• Reply 14 of 86
    Quote:
    Originally Posted by Gazoobee View Post


    You not only aren't getting the book, you aren't even getting a close facsimile of the book. You are getting a text file and a jpeg of the cover.



    When you buy a book - do you really pay for the paper? Gosh! I don't!



    It's the content, dear Watson! It's the content.



    I would not pay a dime for kama sutra (unless original something) no matter how it was delivered, but quite a few bucks for board meeting protocols in Apple, IBM and Amazon.
  • Reply 15 of 86
    ozexigeozexige Posts: 215member
    Quote:
    Originally Posted by delreyjones View Post


    On the one hand, I don't like paying more than I have to for the written word, on the other hand, I very much want great publishers and newspapers to thrive. For example: I've been reading the NY Times online for free now for a few years. (I paid them their online subscription fee for the brief period where they required that.) So I very much enjoy their product, and I also very much enjoy getting it for free. But I have to be honest with myself and admit that I'm getting too good a deal. It's too good to last.



    So yes, I'm a penny-pinching cheapskate who doesn't want to pay anything for this great material, but more importantly, I'm a realist and I want the publishers to thrive. So it's totally okay by me that Apple helps these publishers charge the prices they want to charge. If I don't want to pay it, there's tons of free stuff on the Web. They can charge what they think is fair. Consumers don't need to complain about it -- they can pay the price or go elsewhere.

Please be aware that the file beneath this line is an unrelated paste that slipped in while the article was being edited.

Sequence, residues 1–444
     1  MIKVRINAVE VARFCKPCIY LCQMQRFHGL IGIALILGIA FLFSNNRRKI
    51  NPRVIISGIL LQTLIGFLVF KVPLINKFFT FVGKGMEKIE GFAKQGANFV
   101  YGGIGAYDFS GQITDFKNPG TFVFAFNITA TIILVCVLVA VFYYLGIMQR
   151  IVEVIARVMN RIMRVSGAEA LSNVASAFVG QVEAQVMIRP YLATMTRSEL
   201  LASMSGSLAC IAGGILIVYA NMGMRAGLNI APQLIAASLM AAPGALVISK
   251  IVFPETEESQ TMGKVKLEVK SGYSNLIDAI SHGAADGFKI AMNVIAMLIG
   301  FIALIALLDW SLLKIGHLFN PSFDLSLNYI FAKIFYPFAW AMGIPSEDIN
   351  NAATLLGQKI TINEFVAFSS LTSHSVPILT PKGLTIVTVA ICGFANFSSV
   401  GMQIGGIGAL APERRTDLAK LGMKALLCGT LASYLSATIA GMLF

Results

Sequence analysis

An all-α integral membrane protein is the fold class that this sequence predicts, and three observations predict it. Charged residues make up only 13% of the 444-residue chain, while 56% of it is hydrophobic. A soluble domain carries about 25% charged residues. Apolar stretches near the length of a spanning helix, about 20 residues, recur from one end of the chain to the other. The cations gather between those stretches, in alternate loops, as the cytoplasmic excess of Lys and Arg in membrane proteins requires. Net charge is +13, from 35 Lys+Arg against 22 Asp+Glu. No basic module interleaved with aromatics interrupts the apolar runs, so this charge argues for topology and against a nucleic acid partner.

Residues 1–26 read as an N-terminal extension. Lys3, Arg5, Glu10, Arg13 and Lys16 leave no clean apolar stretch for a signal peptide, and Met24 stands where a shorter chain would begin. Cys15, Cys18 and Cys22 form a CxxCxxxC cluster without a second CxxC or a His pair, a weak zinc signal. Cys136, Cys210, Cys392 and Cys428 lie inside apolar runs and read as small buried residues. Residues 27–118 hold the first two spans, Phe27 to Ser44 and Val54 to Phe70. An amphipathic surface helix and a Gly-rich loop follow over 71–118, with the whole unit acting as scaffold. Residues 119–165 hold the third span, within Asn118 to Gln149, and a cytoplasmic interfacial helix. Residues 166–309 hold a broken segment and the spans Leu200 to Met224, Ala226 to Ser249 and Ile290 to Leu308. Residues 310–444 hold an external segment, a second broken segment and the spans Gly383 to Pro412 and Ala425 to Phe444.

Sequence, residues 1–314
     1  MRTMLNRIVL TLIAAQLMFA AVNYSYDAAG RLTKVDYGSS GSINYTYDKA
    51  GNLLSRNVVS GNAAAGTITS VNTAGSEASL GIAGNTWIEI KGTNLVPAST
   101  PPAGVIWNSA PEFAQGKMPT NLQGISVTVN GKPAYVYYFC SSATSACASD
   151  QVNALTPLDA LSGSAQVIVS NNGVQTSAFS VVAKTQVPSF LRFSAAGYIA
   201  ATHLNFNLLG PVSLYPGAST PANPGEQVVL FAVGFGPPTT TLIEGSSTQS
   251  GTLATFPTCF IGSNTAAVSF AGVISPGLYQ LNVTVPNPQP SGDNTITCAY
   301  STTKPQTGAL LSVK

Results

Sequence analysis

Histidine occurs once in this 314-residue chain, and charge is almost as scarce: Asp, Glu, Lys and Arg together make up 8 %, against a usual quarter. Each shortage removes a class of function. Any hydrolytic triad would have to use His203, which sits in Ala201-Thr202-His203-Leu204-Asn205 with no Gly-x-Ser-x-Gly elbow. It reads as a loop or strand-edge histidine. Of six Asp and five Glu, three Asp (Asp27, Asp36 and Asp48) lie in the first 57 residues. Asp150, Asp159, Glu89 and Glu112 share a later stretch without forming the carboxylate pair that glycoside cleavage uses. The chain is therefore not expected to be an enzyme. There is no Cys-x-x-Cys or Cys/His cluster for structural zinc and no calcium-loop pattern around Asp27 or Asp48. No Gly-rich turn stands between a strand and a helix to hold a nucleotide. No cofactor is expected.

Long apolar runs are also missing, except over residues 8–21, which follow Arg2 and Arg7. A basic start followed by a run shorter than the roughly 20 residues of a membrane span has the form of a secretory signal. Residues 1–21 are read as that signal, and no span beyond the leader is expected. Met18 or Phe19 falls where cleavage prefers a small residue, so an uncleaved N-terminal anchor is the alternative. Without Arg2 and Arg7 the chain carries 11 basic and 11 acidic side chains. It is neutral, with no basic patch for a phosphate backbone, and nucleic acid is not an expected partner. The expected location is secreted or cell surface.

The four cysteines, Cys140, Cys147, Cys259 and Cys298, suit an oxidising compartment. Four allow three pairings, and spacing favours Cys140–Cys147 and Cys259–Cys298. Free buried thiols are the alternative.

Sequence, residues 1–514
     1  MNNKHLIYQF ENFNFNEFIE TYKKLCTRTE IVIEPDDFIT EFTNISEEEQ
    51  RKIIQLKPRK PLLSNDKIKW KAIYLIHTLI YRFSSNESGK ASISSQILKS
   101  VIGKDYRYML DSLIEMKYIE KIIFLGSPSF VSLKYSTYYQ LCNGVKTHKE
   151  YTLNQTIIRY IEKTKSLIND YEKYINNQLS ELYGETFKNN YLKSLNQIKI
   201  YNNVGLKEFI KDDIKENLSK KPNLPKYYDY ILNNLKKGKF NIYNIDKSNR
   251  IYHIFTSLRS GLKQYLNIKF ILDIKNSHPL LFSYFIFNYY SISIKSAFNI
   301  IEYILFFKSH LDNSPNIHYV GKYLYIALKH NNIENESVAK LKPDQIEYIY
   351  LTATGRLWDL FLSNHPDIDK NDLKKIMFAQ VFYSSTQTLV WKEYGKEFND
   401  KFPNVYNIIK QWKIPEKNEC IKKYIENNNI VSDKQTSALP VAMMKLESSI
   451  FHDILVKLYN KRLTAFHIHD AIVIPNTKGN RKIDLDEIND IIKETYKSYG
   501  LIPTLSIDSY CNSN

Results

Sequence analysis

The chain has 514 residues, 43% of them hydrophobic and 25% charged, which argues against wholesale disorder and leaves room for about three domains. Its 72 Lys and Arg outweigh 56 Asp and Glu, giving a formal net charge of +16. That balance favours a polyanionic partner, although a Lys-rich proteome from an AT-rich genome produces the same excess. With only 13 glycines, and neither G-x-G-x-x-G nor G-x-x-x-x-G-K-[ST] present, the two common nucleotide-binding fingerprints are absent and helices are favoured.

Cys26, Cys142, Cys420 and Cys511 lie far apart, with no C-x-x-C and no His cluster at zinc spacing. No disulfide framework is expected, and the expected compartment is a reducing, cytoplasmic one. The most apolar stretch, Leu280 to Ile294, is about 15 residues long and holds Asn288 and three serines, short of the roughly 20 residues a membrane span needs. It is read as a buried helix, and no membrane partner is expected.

There is no denying your logic, I'm a capitalist by nature and it is therefore appropriate that I support the 'Industry'

    (not necessarily Rupert). We will have to wait and see who reaps the benefits of the new 'Apple pricing plan'
  • Reply 16 of 86
    jukesjukes Posts: 213member
    Competition causes prices to go up? Someone call the FTC.
  • Reply 17 of 86
    Quote:
    Originally Posted by jukes View Post


    Competition causes prices to go up? Someone call the FTC.



    is that when they break into ..



    So the FTC won't let me be

    Or let me be me so let me see

    They tried to shut me down on MTV

    But it feels so empty without me



    (edited with artistic merit)
  • Reply 18 of 86
    Quote:
    Originally Posted by DaveGee View Post


    Nice to see Steve pulling for the customers.... OH wait...



    Why do you think Steve Jobs went out to the publishers and said - you can sell books on the iPad only if you raise prices?